Haydn: String Quartet Op. 71
Bartók: String Quartet Op. 5
Dvořák: String Quartet in G major, Op. 106
The Emerson String Quartet has amassed an unparalleled list of achievements over four decades: more than thirty acclaimed recordings, nine Grammys® (including two for Best Classical Album), three Gramophone Awards, the Avery Fisher Prize, Musical America’s “Ensemble of the Year” and collaborations with many of the greatest artists of our time.
The arrival of Paul Watkins in 2013 has had a profound effect on the Emerson Quartet. Mr. Watkins, a distinguished soloist, award-winning conductor, and devoted chamber musician, joined the ensemble in its 37th season, and his dedication and enthusiasm have infused the Quartet with a warm, rich tone and a palpable joy in the collaborative process. The reconfigured group has been praised by critics and fans alike around the world. “The Emerson brought the requisite virtuosity to every phrase. But this music is equally demanding emotionally and intellectually, and the group’s powers of concentration and sustained intensity were at least as impressive.” The New York Times
Having celebrated its 40th Anniversary last season– a major milestone for a ground-breaking ensemble that has earned its place in the pantheon of the classical chamber music world, the Emerson looks towards the future by collaborating with today’s most esteemed composers and premiering new works, thus proving their commitment to keeping the art form of the string quartet alive and more relevant than ever. In 2016, Universal Music Group reissued their entire Deutsche Grammophon discography in a 52-CD boxed set, and in April 2017, the Quartet released its latest album, Chaconnes and Fantasias: Music of Britten and Purcell, the first release on Universal Music Classics’ new US classical record label, Decca Gold. The 2017-2018 season reflects all aspects of the Emerson’s venerable artistry with high-profile projects, collaborations and tours. In Fall 2017, the Emerson continues its series at the Smithsonian Institution in Washington, DC for its 39th season, and performances at the Lincoln Center’s White Lights Festival and at Alice Tully Hall. Other North American highlights of the season include a subsequent performance at the Princeton University of Shostakovich and The Black Monk: A Russian Fantasy, the new theatrical production co-created by the acclaimed theater director James Glossman and the Quartet’s violinist, Philip Setzer; collaborations with the Calidore Quartet at the Segerstrom Center for the Arts in Costa Mesa, CA and the Dover Quartet at the Kennedy Center in Washington, D.C.; and concert appearances at Cleveland, Philadelphia and Corpus Christi Chamber Music Societies, Vancouver Recital Society, Chamber Music Houston, Hopkins Center for the Performing Arts, South Mountain Concerts, Duke Performances and the University of Michigan in Ann Arbor, MI, as well as in Sleepy Hollow, NY, Louisville, KY, Shreveport, LA and Richmond, VA. In April 2018, the renowned pianist Evgeny Kissin joins the Emerson for three performances at New York’s Carnegie Hall, Chicago’s Symphony Hall and Boston’s Jordan Hall, and appears with the Quartet in France, Germany and Austria. Throughout the season, The Emerson embarks on multiple tours in South America, Asia and Europe comprising dates in Austria, Denmark, Belgium, the Netherlands and the United Kingdom.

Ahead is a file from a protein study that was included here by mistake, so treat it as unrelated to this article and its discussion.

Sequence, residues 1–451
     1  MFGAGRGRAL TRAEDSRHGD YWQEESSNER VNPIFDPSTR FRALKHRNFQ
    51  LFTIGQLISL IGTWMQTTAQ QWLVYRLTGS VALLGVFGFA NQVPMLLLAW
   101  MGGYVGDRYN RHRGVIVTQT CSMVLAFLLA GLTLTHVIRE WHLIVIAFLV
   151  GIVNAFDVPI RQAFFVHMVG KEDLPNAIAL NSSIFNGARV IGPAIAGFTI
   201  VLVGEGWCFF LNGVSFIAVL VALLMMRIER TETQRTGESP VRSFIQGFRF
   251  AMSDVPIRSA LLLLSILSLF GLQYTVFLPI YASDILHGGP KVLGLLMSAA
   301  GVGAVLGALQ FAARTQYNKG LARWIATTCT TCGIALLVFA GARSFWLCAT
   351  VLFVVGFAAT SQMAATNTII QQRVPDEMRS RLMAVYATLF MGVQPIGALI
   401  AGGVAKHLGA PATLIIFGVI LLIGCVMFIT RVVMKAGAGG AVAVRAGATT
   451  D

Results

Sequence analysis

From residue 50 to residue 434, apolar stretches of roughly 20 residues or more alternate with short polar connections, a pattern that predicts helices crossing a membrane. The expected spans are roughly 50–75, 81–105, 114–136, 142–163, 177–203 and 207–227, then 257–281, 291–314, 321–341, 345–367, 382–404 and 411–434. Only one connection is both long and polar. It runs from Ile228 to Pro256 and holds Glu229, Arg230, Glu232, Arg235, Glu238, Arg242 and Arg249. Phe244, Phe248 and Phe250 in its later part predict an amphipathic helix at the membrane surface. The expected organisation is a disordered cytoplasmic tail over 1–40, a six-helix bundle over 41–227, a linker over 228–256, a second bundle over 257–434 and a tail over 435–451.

Formed in 1976 and based in New York City, the Emerson was one of the first quartets whose violinists alternated in the first chair position. The Emerson Quartet, which took its name from the American poet and philosopher Ralph Waldo Emerson, is Quartet-in-Residence at Stony Brook University. During the spring of 2016, full-time Stony Brook faculty members Philip Setzer and Lawrence Dutton received the honor of Distinguished Professor, and part-time faculty members Eugene Drucker and Paul Watkins were awarded the title of Honorary Distinguished Professor. In January 2015, the Quartet received the Richard J. Bogomolny National Service Award, Chamber Music America’s highest honor, in recognition of its significant and lasting contribution to the chamber music field.